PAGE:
≤ 400147 (64.8)297 (69.7)125 (66.1)124 (65.6)
> 40080 (35.2)129 (30.3)64 (33.9)65 (34.4)
FHR0.0950.918
≤ Median114 (50.2)243 (57.0)98 (51.9)97 (51.3)
> Median113 (49.8)183 (43.0)91 (48.1)92 (48.7)
CRP (mg/L)0.0890.341
≤ 5176 (77.5)304 (71.4)138 (73.0)146 (77.2)
> 551 (22.5)122 (28.6)51 (27.0)43 (22.8)
Times--
1166 (73.1)-136 (71.9)-
255 (24.2)-47 (24.9)-
> 36 (2.7)-6 (3.2)-
Figure 2
Figure 2 Kaplan-Meier curve for liver cancer survival. A: Original data; B: Matched data. PA-TACE: Postoperative adjuvant transcatheter arterial chemoembolization.
Prognostic factors for overall survival

Univariate and multivariate analyses were performed to identify potential prognostic factors for OS using the Cox proportional hazards regression model. Factors with a P-value of less than 0.05 were selected after univariate analyses. Four factors, including age (P = 0.043), BCLC stage (P = 0.015), MVI (P = 0.005), and FHR (P = 0.001), were identified in the PA-TACE group, and, five factors, including gender (P = 0.001), BCLC stage (P = 0.045), HBV (P = 0.038), ALBI grade (P < 0.001) and FHR (P < 0.001), were identified in the surgery alone group (Table 2).

Table 2 Prognostic factors for overall survival based on univariate analysis of the matched data.
PA-TACE
Surgery alone
CharacteristicHazard ratio95%CIP valueHazard ratio95%CIP value
Age (yr)0.0430.166
< 65ReferenceReference
≥ 650.3000.093-0.9630.0431.4900.848-2.6190.166
Gender0.5780.001
MaleReferenceReference
Female0.7850.334-1.8440.5780.3820.217-06740.001
BMI0.1870.121
< 23ReferenceReference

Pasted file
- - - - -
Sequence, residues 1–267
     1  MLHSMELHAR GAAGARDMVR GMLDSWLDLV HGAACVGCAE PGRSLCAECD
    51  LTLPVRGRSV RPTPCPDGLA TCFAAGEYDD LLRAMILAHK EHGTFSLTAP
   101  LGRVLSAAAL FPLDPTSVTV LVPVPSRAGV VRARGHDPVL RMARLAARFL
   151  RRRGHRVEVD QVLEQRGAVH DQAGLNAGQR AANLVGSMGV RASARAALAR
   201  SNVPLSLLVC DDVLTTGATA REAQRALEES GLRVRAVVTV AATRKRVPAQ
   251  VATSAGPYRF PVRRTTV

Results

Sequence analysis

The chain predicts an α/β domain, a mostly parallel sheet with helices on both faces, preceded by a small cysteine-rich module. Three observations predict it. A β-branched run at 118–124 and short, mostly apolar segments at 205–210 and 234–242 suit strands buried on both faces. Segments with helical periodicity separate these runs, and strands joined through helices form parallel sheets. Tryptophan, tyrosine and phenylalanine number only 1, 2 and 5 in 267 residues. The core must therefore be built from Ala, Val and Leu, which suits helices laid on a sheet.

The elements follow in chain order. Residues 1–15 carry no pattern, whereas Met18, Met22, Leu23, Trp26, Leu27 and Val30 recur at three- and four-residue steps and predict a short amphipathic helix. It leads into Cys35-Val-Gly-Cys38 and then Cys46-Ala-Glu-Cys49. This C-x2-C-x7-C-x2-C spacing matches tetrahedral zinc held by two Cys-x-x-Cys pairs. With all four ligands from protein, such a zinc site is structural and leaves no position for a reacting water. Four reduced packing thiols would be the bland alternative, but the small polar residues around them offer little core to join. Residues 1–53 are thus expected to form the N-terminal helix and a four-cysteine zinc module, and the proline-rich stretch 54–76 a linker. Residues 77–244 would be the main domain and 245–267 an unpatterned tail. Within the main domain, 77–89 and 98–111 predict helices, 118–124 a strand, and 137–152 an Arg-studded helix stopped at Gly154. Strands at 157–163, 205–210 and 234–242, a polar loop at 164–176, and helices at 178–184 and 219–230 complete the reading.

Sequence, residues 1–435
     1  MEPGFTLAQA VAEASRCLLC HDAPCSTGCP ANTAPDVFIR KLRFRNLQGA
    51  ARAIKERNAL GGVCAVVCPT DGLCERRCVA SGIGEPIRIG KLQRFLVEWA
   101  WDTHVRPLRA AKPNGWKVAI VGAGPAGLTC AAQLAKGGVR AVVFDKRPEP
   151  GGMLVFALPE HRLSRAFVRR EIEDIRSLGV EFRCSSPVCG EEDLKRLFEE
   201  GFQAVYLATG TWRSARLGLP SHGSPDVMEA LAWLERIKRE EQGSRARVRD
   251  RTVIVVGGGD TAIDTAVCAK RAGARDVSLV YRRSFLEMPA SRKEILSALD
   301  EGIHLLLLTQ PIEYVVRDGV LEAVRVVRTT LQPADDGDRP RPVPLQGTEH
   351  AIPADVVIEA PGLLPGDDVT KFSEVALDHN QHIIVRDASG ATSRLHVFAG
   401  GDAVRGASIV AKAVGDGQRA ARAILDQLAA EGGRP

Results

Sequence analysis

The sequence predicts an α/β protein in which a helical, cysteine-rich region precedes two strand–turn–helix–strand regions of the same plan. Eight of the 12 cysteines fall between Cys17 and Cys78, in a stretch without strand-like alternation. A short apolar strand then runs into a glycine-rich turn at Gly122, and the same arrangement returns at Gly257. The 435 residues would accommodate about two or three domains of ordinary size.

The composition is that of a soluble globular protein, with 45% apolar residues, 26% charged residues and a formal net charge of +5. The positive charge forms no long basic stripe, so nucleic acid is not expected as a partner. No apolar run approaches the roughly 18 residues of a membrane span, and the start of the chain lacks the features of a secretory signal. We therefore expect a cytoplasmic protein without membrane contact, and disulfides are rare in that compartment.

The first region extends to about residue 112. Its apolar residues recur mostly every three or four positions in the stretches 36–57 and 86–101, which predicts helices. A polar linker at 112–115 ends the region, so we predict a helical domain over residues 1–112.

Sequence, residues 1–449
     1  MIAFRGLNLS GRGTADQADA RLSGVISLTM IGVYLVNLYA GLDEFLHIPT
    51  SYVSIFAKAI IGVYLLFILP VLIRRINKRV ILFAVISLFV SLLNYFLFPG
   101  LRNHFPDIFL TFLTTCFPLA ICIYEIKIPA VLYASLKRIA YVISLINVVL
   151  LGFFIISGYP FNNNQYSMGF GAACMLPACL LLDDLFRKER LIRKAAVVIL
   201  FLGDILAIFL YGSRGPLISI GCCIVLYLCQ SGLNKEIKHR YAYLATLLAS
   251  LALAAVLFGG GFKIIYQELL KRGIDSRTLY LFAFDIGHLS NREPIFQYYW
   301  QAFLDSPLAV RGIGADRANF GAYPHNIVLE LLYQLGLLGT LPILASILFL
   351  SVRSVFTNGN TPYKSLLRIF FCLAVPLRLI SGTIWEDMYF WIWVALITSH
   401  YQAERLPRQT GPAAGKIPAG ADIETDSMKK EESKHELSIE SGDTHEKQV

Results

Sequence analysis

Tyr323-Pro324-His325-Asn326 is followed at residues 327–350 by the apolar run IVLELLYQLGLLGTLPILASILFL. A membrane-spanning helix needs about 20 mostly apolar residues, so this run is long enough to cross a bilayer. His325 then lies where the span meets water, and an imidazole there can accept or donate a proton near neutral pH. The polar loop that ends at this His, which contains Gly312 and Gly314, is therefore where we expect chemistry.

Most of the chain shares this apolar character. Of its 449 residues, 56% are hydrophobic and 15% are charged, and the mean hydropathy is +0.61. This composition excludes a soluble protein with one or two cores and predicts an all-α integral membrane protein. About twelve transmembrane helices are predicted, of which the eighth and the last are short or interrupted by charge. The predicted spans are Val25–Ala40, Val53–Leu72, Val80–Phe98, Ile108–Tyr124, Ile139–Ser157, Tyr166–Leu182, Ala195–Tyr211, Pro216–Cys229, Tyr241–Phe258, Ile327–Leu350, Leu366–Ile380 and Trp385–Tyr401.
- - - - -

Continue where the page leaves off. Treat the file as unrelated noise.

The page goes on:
23-250.4970.233-1.0600.0700.8590.525-1.4070.546
≥ 250.9120.476-1.7470.7810.5170.275-0.9710.040
BCLC stage0.0150.045
0ReferenceReference
A4.2871.333-13.7850.0151.8391.014-3.4030.045
HBV0.6930.038
NegativeReferenceReference
Positive1.2050.478-3.0380.6932.4141.049-5.5530.038
HCV0.3670.645
NegativeReferenceReference
Positive--00.000-NA0.963
Unknown0.0470-36.1040.3670.3900.054-2.8040.350
Cirrhosis0.1660.129
NoReferenceReference
Yes1.5160.841-2.7300.1661.4400.899-2.3070.129
Family history0.9360.543
NoReferenceReference
Yes0.9660.411-2.2690.9360.8060.402-1.6150.543
MVI0.0050.439
NoReferenceReference
Yes2.5571.332-4.9100.0051.2750.689-2.3590.439
AFP (ng/mL)0.4290.416
≤ 200ReferenceReference
> 2001.2550.715-2.2030.4291.2030.771-1.8780.416
ALBI grade0.085< 0.001
1ReferenceReference
21.6370.934-2.8710.0852.3031.466-3.620< 0.001
3------
NLR0.9620.578
≤ MedianReferenceReference
> Median0.9860.563-17290.9620.8810.564-1.3760.578
Ferritin (ng/mL)0.0560.323
≤ 400ReferenceReference
> 4001.7310.986-3.0400.0561.4470.695-3.0150.323
FHR0.001< 0.001
≤ MedianReferenceReference
> Median2.8301.541-5.1980.0014.0842.452-6.802< 0.001
CRP (mg/L)0.6700.875
≤ 5ReferenceReference
> 50.8640.441-1.6910.6701.0430.616-1.7670.875
Times0.193-
1Reference--
20.6610.319-1.3700.266--
32.1710.668-7.0590.197--

According to multivariate analyses, FHR (all P < 0.001) and BCLC stage (PA-TACE vs surgery alone, P = 0.021 and P = 0.036, respectively) were regarded as prognostic factors for OS in both groups. In addition, five prognostic factors, including age (P = 0.023) and MVI (P = 0.002) for PA-TACE, and gender (P = 0.027), HBV (P = 0.034), and ALBI grade (P = 0.027) for surgery alone (Table 3) were identified.

Table 3 Identification of prognostic factors for overall survival based on multivariate analysis of the matched data.
PA-TACE
Surgery Alone
CharacteristicHazard ratio95%CIP valueHazard ratio95%CIP value
Age (yr)0.023-
< 65Reference---
≥ 650.2570.080-0.8260.023---
Gender-0.027
Male---Reference
Female---0.5230.294-0.9300.027
BCLC stage0.0210.036
0ReferenceReference
A3.9721.23-12.8250.0211.9631.044-3.6890.036
HBV-0.034
Negative---Reference
Positive---1.9821.013-4.7360.034
MVI0.002-
NoReference---
Yes2.8501.475-5.5060.002---
ALBI grade-0.027
1---Reference
2---1.7321.064-2.8210.027
3------
FHR< 0.001< 0.001
≤ MedianReferenceReference
> Median3.3381.810-6.157< 0.0011.9631.044-3.689< 0.001
Predictors of PA-TACE benefit